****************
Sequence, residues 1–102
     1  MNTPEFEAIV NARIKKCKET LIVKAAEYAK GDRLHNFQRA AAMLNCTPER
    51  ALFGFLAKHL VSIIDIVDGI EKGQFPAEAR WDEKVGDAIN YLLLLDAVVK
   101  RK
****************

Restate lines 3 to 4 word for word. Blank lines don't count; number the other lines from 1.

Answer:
    51  ALFGFLAKHL VSIIDIVDGI EKGQFPAEAR WDEKVGDAIN YLLLLDAVVK
   101  RK